June 2012 Archives

SCOTUS SAYS FAIR SENTENCING ACT APPLIES TO SOME DRUG CASES RETROACTIVELY

June 29, 2012,

Last Thursday, June 21, 2012, the United States Supreme Court issued decisions in Dorsey v. United States and Hill v. United States, stating that the Fair Sentencing Act of 2010 ("FSA"), designed to reduce the disparity between the sentences for federal criminal offenses involving crack and powder cocaine, applies to offenses committed prior to the law for which the offender was sentenced after its passage.

Importantly this does not apply to all cases involving individuals sentenced under the old rules. Instead, it relates only to the unique cases where the crime was committed before the law but the sentencing occurred afterward.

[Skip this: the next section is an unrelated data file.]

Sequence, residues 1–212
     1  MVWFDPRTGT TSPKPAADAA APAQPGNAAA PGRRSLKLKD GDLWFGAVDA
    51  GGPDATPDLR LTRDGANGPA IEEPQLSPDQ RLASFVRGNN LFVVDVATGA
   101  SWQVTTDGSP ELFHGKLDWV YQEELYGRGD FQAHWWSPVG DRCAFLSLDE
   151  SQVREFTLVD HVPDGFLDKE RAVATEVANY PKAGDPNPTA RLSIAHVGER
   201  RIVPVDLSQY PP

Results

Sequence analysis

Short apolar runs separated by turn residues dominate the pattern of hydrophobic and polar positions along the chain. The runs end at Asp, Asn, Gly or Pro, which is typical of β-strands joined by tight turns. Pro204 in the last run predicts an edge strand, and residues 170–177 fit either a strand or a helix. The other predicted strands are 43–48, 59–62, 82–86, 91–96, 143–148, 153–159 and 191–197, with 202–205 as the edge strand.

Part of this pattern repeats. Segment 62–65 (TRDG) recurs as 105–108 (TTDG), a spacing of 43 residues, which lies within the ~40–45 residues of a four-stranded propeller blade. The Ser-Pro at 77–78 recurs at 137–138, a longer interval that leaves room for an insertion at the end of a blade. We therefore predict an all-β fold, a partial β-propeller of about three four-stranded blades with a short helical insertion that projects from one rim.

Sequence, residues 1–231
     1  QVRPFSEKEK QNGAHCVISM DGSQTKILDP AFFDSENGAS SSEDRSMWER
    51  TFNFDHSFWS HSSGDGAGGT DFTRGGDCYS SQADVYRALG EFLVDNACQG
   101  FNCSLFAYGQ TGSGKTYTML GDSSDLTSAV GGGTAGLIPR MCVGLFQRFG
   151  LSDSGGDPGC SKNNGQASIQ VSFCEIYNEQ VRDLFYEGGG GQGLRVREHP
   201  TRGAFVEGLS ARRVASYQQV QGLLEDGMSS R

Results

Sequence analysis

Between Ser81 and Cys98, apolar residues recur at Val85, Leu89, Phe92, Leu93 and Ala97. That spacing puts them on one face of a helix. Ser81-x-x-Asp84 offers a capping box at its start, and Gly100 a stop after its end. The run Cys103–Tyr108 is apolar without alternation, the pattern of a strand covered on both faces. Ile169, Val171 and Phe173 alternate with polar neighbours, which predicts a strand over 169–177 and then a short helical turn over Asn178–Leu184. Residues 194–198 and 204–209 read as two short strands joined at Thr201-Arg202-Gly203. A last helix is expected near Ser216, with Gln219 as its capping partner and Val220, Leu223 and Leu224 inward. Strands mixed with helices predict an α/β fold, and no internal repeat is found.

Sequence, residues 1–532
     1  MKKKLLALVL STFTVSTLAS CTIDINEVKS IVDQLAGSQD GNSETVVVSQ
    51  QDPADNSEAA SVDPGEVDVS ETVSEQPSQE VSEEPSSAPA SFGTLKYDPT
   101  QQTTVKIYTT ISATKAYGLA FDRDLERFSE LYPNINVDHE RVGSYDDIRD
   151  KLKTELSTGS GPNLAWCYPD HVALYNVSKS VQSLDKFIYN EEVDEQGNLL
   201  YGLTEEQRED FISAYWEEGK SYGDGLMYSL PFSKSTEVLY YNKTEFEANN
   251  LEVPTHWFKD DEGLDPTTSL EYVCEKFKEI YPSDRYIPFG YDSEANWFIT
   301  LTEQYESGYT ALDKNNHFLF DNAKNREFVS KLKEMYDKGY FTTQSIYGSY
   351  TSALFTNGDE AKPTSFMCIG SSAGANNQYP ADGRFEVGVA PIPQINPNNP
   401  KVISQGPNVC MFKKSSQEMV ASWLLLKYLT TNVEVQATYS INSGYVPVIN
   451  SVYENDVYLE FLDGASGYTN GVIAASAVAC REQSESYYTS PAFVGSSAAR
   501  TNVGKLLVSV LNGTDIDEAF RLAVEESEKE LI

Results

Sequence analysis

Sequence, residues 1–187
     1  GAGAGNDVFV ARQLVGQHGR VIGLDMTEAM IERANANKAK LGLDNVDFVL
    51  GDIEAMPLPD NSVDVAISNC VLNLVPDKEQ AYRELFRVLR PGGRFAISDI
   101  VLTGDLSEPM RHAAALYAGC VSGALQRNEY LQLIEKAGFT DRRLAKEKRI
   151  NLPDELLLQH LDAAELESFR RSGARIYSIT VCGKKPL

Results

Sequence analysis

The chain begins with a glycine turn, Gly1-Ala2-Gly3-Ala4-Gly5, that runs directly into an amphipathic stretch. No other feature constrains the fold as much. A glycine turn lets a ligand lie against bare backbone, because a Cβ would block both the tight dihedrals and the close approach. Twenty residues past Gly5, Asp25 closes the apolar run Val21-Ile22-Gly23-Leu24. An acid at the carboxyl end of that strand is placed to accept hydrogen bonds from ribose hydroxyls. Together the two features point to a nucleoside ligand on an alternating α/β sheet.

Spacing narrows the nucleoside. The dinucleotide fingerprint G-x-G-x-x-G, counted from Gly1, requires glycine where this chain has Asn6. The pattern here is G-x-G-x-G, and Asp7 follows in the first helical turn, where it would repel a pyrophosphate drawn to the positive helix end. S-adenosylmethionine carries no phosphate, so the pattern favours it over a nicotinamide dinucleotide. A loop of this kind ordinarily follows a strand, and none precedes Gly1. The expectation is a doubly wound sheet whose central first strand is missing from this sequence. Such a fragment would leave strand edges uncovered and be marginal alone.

The FSA was intended to remedy the problems associated with the Anti-Drug Abuse Act of 1986 (ADAA"), specifically, its creation of an unfair sentencing system that disproportionately punished comparable offenses involving crack and powder cocaine, which are two forms of the same substance. The discrepancies in sentencing resulted from the ADAA's institution of a 100:1 ratio between the amounts of crack cocaine and powder cocaine needed to trigger minimum penalties. For instance, a 5-year minimum prison sentence would be triggered by a conviction for possessing with intent to distribute 5 grams of crack cocaine but 500 grams of powder. The FSA reduced the ratio from 100:1 to 18:1.

This discrepancy has long been a clear reminder of the illogical nature of many criminal sentencing rules. It remains very difficult to fairly enact general rules that place mandatory minimum sentences on various crimes without taking into account the specifics of each case.

The Supreme Court Rules The FSA Should Be Applied Retroactively